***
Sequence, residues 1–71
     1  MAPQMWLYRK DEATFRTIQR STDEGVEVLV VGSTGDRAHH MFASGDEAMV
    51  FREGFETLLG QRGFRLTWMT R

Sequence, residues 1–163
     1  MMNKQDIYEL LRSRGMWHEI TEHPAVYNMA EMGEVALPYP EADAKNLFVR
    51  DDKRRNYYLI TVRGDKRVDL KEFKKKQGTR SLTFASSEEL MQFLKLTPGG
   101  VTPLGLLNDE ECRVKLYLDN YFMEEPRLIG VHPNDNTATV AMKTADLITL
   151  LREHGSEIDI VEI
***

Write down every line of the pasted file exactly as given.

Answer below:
Sequence, residues 1–71
     1  MAPQMWLYRK DEATFRTIQR STDEGVEVLV VGSTGDRAHH MFASGDEAMV
    51  FREGFETLLG QRGFRLTWMT R

Sequence, residues 1–163
     1  MMNKQDIYEL LRSRGMWHEI TEHPAVYNMA EMGEVALPYP EADAKNLFVR
    51  DDKRRNYYLI TVRGDKRVDL KEFKKKQGTR SLTFASSEEL MQFLKLTPGG
   101  VTPLGLLNDE ECRVKLYLDN YFMEEPRLIG VHPNDNTATV AMKTADLITL
   151  LREHGSEIDI VEI